11 wards of Amritsar shine – over three-quarters of households now successfully separating their waste.
Recent efforts to increase citizens’ participation and trigger behaviour change in waste segregation have proved successful.
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To visitors, the United Arab Emirates is often considered a land of beautiful beaches, deserts and shining shopping malls. But there are also an increasing number of farms with agriculture and livestock, ranging from modern mega farms to traditional family smallholdings called ‘ezabs’. Sheep, goats, cows and camels are all popular for their breeding, meat, milk and skins, and poultry farms are also common. Away from the table, horses are also very popular; the UAE is home to some of the finest equine stables in the world.
But with large-scale farming and breeding comes a practical problem which needs to be considered. What to do with animals who die an untimely death, whether from disease, natural causes or traffic accidents? These animals, generally described as ‘fallen stock’ cannot be eaten, but nor can they be left to rot as this would risk the spread of disease. For the same reason, disposing of the carcases in landfills or dumpsites is also suboptimal, as stray dogs might transmit any pathogens or parasites.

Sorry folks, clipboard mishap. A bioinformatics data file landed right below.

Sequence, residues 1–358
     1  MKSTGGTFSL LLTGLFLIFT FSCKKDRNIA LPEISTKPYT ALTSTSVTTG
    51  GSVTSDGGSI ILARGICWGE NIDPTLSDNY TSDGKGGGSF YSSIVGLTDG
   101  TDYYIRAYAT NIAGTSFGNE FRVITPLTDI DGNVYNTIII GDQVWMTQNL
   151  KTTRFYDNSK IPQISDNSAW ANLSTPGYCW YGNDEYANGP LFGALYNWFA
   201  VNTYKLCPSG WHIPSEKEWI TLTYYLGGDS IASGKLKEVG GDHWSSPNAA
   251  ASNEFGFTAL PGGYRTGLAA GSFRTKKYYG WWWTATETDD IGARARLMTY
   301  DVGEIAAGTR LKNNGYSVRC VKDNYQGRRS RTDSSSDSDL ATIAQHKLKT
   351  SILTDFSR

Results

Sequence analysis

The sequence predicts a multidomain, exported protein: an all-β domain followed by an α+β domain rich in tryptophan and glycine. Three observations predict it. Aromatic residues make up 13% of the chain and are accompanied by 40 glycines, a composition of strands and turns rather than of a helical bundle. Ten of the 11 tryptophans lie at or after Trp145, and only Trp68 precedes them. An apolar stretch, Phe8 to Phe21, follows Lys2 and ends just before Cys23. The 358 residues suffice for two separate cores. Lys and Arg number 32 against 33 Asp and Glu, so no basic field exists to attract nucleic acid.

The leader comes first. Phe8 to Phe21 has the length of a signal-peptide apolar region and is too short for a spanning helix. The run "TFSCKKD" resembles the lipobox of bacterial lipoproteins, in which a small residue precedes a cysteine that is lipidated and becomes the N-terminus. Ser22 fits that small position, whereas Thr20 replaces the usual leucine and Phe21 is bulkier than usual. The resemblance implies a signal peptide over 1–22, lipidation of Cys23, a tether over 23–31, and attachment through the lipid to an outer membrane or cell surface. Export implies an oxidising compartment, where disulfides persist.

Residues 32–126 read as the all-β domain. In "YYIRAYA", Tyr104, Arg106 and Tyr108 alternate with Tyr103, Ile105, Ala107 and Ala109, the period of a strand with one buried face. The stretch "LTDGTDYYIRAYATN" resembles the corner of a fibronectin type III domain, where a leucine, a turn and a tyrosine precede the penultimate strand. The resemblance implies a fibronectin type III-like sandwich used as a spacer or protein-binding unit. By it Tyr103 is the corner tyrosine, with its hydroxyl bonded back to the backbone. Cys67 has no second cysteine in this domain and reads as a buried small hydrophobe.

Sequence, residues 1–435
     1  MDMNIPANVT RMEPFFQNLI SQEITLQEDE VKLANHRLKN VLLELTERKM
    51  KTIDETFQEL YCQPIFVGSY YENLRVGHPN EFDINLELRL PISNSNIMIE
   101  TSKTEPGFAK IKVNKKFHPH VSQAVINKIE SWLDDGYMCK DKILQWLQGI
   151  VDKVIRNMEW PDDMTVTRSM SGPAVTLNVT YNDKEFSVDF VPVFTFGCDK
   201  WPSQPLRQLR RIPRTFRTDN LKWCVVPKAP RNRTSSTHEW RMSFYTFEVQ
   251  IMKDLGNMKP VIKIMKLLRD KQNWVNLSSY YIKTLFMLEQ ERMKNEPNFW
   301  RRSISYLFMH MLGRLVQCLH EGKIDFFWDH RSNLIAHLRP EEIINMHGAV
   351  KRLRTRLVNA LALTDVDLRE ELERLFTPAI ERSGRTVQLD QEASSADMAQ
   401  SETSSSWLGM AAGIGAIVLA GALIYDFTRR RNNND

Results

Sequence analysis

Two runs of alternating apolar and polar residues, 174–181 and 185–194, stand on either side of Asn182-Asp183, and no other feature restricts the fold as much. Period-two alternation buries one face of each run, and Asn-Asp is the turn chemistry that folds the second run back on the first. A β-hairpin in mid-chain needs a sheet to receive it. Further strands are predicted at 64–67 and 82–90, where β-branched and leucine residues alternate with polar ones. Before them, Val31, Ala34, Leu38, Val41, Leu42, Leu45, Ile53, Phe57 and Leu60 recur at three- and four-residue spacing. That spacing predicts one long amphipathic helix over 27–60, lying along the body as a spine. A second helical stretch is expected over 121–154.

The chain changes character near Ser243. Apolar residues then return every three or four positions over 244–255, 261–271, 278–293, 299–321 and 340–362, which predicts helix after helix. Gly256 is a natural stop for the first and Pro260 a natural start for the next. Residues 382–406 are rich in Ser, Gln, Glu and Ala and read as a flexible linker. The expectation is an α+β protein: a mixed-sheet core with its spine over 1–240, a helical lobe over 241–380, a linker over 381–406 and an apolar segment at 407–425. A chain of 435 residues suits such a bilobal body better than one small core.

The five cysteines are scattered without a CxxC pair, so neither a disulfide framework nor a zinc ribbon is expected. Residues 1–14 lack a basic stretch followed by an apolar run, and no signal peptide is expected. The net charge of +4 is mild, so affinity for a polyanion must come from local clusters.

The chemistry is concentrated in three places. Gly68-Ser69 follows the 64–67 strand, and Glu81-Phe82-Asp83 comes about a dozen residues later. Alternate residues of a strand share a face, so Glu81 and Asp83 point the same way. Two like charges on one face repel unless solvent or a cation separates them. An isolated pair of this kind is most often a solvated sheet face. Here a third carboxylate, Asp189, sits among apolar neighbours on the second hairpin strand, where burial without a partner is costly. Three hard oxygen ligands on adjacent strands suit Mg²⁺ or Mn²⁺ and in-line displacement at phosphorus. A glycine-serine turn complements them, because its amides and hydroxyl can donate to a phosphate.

The most hygienic and sanitary solution is thermal destruction at high temperature. But this is not as simple as it sounds. With a single adult camel often weighing over half a tonne, tailored facilities are required.
Averda, a specialist waste management solutions company based in Dubai was able to help. The company has just completed the construction of a modern thermal destruction unit, capable of safely reducing 20 tonnes of animal carcases a day into a pile of harmless ash. Working with specialist suppliers from the UK - which developed their know-how following the BSE crisis which started during the 1980s – Averda has built and will operate, a specialist unit in the Emirates.
“There is nothing small in this project,” explains Averda’s Delivery Director, Mohammad Merashly. “We have been careful to choose the right technology for the scale of the challenge.”
Temperatures of between 650 and 900 degrees safely and rapidly consume both flesh and bone, creating a pile of ash and emitting no harmful emissions. The fully automated process minimises human contact with the fallen stock and maximises efficiency.
The capacity of the plant is designed to flex with requirements as they rise and fall; birthing season can see an uplift in the amount of fallen stock and the plant also contains a cold storage area where in leaner times carcases may be safely stored.
The plant has uses beyond fallen stock. Investment in this facility also creates the capacity for safe, bio-secure destruction of out-of-date foodstuffs, abattoir waste and any other materials that might be potentially hazardous to public and environmental health. It’s not a glamorous facility, but it’s an important component of the Emirate’s public infrastructure and Averda are proud to provide the expertise behind it.